No New Wells Approved Last Month In B.C.; Province And BRFN Continue To Work On Interim Decision-Making Plan

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No new wells were approved in British Columbia in August, as the province continues to work with the Blueberry River First Nations (BRFN) on a way to improve and modernize provincial processes that recognize and respect their treaty rights.

Earlier this summer, the B.C. Supreme Court found the provincial government breached the Treaty 8 agreement signed with the Blueberry River First Nations because it allowed development such as forestry and natural gas extraction without the community’s approval.

It found the province failed its treaty promise to maintain the nation’s rights to hunt, fish and trap without interference.

Blueberry River elected Chief Marvin Yahey says Treaty 8 First Nations are not opposing resource development on their lands, but want to ensure industry progresses in a responsible way to the benefit of all parties.

“Our treaty always contemplated balance,” he told a news conference in early July outside the B.C. Supreme Court. “We support the use of resources on the land in a responsible way that ensures they can continue. We are not against industry. If this is done right, then there is plenty of work for everyone.”

In a recent statement to the DOB, a spokesperson for the BC Oil and Gas Commission (OGC) said the province, as a starting point, is working with Blueberry River on an interim decision-making approach while they negotiate a longer-term approach.

“Until the Province and Blueberry River come to agreement on the interim approach, we expect decisions could take longer than usual as applications must be considered in light of the court’s finding of infringement of treaty rights,” the OGC spokesperson said.

“We recognize this process will take time while we work to create a more balanced path forward in the territory, one that provides stable economic activity and employment along with environmental sustainability and protection of Treaty 8 rights.”

This summer, the B.C. Ministry of Energy, Mines and Low Carbon Innovation cancelled the province’s July and August petroleum and natural gas tenure dispositions in consideration of the B.C. Supreme Court decision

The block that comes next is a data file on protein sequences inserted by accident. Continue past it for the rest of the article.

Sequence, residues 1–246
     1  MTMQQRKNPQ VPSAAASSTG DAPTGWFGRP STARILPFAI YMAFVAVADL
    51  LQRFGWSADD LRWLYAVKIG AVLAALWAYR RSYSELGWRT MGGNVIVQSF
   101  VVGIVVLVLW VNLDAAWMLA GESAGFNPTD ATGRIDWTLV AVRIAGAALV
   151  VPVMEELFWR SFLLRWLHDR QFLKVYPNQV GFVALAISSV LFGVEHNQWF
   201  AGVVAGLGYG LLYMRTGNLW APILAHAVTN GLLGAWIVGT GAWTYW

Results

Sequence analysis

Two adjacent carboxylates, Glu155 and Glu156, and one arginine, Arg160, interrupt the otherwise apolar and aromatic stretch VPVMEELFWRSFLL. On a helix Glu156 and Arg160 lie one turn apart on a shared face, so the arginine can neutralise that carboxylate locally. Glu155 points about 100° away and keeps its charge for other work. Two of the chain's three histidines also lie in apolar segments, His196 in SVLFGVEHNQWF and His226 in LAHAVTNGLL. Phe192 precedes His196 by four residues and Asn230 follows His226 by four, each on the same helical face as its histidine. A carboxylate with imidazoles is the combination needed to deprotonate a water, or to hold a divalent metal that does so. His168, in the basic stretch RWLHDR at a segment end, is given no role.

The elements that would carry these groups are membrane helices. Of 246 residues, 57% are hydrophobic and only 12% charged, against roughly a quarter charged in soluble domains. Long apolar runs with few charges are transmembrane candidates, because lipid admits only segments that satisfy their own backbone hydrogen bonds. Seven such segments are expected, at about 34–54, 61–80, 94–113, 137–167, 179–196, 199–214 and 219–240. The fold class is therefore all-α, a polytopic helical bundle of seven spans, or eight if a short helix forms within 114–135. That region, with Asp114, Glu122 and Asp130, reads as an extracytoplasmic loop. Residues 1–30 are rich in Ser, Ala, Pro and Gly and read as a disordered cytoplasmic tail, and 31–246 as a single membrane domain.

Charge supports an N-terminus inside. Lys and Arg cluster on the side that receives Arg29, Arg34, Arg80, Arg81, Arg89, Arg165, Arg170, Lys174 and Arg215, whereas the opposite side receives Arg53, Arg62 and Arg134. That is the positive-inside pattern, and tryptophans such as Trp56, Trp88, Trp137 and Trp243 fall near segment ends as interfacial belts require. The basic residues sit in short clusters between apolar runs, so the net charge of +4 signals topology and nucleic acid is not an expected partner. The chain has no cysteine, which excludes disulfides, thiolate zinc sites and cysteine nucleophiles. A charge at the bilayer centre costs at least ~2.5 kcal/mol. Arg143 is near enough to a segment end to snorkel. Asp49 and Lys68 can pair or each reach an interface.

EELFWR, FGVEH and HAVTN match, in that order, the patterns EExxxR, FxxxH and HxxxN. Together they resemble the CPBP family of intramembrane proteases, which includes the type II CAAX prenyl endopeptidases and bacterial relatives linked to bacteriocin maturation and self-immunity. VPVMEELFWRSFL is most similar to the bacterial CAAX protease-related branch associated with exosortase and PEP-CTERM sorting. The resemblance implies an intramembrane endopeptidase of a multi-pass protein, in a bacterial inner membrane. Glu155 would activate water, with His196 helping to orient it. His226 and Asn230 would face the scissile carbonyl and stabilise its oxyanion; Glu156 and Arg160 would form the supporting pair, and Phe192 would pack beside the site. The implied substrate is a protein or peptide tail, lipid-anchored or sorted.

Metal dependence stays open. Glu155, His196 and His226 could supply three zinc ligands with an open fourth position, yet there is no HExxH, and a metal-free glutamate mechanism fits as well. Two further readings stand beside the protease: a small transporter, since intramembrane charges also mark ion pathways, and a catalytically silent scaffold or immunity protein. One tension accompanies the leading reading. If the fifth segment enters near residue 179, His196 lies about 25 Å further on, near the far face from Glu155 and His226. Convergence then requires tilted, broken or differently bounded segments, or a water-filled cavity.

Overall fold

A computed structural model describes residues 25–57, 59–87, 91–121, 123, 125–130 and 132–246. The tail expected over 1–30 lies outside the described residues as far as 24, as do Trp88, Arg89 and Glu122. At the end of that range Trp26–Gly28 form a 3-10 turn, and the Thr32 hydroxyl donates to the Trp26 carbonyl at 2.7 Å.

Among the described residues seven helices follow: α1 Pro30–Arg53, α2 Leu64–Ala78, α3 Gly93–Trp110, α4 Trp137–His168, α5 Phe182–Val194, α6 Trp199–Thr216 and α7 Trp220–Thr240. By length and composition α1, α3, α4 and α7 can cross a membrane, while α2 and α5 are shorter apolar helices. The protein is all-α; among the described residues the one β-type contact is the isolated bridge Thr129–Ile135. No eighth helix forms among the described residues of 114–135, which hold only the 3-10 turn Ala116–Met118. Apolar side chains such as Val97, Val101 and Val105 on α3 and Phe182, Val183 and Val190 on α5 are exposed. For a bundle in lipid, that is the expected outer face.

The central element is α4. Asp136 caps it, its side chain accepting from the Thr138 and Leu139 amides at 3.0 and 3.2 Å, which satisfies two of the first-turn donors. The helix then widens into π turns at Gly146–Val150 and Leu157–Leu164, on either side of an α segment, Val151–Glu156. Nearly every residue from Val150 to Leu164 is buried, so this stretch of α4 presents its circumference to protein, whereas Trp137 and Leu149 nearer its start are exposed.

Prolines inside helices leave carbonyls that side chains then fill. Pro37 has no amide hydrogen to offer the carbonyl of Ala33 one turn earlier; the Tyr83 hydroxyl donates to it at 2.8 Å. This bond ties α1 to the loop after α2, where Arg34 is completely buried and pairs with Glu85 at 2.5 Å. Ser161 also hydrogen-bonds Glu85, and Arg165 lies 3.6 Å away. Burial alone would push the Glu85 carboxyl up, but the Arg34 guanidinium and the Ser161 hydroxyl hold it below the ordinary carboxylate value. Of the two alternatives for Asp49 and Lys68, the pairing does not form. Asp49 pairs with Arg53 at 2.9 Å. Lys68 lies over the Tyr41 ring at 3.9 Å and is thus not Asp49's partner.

In Q2 conference calls, several companies active in northeast B.C. mentioned the Blueberry River case, including Tourmaline Oil Corp., AltaGas Ltd. and ARC Resources Ltd., among others, noting they have good working relationships with the BRFN (see here and here).

Last August, 83 new wells were approved in B.C. and Tourmaline was the top licensee with 36 wells licensed.

Top licencees

Cenovus Energy Inc. was the top licensee of new wells in August 2021 (including experimental and oilsands evaluation holes), with 53 new permits. The Top 5 licensee list for the month was rounded out by Canadian Natural Resources Limited (26), Teine Energy Ltd. (19), Spur Petroleum Ltd. (18) and Tundra Oil & Gas Ltd. (also 18).

Over the first eight months of the year, there’s a tie in licensing between Cenovus and Tourmaline. Each operator has licensed 157 wells. CNRL has permitted 144 wells, followed by Crescent Point Energy Corp. (143) and Teine (126).

August licence stats

Overall, operators across the country licensed 373 wells last month compared to 256 wells authorized in August 2020 — an increase of 46 per cent.

Alberta licensed 223 wells in August, up 105 per cent from 109 permits in the year-prior period, while Saskatchewan authorized 132 permits during the month compared to 51 wells licensed in August 2020 (up 159 per cent).

Manitoba’s permit count increased to 18 from 12 a year ago.

Year-to-date licence counts

Over the first eight months of the year, a total of 3,104 wells across Canada have been permitted, up 40 per cent from last year’s tally of 2,225.

To the end of August, Alberta has licensed 1,820 new wells compared to 1,056 wells a year ago.

Saskatchewan has permitted 846 wells in the first eight months of the year compared to 726 a year ago, while B.C. has approved 321 wells to the end of August compared to 384 in the first eight months of 2020.

Over the first eight months of the year, Manitoba has licensed 110 new wells compared to 46 a year ago.

Operators across Western Canada licensed 249 oil and bitumen wells last month, up from 139 in August 2020. Over the first eight months of the year, 1,997 oil and bitumen wells have been permitted compared to 1,240 a year ago (an increase of 61 per cent).

In August, 70 gas wells were permitted in Alberta, B.C. and Saskatchewan compared to 93 last year. In the first eight months of 2021, operators in these three provinces have licensed 812 gas wells versus 739 gas permits in the comparable period last year (an increase of 10 per cent).

To the end of August, operators have licensed 2,751 horizontal wells, or about 89 per cent of the total wells authorized across Canada (excluding experimental wells), and up from 1,896 horizontal wells in January-August 2020 (87 per cent of total wells).

Producers licensed no oilsands evaluation holes in August, the same as last year. Operators have licensed only six oilsands evaluation holes in the January-to-August period versus 37 in the first eight months of 2020.

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